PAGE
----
Capturing and Processing Night Photography

Lesson 10/20 - Light Painting: Mixing Warm And Cool Light


Capturing and Processing Night Photography


Lesson Info

Light Painting: Mixing Warm And Cool Light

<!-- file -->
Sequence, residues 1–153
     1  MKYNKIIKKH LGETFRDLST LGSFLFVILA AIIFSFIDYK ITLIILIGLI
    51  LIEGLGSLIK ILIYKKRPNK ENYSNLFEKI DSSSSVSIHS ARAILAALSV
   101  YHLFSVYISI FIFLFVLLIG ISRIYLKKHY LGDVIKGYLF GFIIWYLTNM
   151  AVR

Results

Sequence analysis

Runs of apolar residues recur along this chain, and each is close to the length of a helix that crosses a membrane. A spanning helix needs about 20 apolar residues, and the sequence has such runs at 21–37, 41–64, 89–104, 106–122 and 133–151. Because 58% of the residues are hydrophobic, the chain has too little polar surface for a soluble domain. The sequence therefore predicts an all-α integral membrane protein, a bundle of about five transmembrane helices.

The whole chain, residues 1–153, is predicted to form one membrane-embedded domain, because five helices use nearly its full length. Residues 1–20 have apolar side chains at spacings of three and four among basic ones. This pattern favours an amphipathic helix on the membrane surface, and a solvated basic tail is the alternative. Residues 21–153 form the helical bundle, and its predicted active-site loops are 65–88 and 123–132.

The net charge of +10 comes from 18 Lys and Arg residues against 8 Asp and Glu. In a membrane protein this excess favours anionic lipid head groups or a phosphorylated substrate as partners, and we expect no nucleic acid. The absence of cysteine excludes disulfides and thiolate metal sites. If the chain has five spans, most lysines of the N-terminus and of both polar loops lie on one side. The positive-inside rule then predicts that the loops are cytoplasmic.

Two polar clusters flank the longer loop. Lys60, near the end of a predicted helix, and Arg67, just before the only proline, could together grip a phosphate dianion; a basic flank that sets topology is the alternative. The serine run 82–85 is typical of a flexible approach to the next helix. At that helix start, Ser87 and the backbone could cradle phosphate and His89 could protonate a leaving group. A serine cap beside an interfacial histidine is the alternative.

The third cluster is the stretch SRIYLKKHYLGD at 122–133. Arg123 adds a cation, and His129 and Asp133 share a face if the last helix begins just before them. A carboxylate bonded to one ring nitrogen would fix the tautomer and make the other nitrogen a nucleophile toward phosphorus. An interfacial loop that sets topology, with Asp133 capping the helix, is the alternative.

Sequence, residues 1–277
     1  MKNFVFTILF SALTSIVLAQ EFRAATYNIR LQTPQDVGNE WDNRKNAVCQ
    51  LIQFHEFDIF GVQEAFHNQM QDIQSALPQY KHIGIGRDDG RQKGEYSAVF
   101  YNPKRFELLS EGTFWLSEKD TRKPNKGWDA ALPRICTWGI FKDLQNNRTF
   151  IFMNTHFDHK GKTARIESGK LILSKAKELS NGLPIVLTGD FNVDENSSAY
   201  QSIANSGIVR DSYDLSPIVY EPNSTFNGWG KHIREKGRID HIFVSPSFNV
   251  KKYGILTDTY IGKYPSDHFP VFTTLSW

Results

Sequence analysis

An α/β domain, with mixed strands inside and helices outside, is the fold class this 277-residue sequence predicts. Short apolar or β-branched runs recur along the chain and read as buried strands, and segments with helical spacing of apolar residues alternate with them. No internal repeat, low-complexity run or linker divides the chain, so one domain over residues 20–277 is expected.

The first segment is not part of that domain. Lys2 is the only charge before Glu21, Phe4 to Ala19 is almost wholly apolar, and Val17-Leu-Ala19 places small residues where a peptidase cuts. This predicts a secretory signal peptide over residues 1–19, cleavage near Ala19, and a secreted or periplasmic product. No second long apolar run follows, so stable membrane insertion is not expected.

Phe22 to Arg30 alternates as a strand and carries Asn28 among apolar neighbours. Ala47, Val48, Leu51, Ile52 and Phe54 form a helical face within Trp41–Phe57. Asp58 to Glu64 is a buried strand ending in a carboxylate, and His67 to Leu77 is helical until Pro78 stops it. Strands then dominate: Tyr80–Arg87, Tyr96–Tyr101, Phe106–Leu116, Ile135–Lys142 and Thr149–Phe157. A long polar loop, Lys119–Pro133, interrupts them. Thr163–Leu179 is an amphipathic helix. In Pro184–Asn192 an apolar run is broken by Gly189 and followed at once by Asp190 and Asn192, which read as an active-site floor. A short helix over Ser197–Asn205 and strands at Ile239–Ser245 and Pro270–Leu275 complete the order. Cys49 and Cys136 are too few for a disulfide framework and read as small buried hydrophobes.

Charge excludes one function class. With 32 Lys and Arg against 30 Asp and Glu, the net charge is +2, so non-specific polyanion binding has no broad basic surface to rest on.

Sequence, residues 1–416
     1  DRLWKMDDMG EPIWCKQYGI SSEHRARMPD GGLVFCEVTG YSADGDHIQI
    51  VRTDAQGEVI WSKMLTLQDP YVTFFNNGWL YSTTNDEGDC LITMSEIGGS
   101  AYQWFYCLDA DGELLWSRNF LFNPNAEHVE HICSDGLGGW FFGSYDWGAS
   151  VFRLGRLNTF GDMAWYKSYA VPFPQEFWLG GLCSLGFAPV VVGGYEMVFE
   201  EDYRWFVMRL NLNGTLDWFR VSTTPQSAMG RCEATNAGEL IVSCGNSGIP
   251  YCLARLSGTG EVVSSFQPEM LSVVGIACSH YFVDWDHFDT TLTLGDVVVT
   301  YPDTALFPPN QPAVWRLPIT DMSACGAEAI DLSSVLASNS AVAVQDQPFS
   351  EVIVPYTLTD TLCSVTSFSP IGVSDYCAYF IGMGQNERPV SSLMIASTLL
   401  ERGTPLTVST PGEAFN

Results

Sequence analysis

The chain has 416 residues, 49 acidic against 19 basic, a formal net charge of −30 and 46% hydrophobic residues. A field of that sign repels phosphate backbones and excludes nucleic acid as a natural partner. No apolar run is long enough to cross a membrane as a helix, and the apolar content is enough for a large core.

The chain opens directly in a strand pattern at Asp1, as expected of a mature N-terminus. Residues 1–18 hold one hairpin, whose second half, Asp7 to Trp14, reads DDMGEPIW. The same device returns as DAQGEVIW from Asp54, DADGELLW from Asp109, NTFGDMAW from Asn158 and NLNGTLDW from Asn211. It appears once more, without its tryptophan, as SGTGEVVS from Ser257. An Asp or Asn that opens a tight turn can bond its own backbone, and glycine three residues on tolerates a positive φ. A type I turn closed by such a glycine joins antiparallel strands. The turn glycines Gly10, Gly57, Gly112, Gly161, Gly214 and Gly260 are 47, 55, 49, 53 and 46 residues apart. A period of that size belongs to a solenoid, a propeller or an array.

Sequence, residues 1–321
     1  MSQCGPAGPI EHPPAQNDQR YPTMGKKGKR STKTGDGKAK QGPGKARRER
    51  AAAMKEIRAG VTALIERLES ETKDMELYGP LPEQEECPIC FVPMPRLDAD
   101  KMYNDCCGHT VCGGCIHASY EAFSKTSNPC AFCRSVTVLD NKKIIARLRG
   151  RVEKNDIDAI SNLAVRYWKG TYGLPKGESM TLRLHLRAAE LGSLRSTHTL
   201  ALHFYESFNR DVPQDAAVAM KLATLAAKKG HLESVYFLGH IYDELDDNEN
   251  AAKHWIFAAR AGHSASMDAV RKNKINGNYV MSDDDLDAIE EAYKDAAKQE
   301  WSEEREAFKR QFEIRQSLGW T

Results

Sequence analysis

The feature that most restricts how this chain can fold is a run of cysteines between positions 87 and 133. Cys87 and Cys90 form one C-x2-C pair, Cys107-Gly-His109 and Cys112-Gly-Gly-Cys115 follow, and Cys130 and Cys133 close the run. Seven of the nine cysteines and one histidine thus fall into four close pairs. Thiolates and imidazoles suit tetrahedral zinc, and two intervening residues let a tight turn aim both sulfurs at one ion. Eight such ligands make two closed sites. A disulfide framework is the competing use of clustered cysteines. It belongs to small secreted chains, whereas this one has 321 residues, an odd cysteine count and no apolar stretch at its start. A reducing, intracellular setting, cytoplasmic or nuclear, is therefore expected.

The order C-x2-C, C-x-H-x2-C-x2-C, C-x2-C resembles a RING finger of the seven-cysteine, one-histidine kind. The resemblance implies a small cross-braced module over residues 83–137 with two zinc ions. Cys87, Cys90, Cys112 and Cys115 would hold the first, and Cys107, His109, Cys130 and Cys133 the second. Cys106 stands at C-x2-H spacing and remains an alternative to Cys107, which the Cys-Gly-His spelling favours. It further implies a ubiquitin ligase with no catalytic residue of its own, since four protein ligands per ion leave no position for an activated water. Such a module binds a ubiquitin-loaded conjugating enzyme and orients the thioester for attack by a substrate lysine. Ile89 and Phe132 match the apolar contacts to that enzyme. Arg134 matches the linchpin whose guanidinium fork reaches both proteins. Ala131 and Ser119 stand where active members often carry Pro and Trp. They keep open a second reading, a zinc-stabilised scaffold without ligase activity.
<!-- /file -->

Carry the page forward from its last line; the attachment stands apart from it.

We've got our camera set. We are focused. We are in manual focus mode. Exposure set. We've got our inner Velometer. And I'm just gonna start throwing some light out there. And see what happens. Now because we've chosen a bluish sky, I think what I'm gonna do is put my flashlight to a fairly warm color. And the thing that I love about this Luxley and the flashlight with the gel is that you can really change the color temperature. So I can go from a really bluish type light to a very very warm light. And I think what we'll try to do is kind of mix it up. So we'll have some warm light. Maybe some areas of cool light. We're just gonna see what happens. All right, so I'm gonna turn this off. And, remember what I'm gonna need to do is I'm gonna need to hide this flashlight behind my body so that the camera can't see the light. The moment the light comes from the side or gets pointed back to the camera the camera is able to see the light and that's what we don't want. So I'm gonna keep it hid...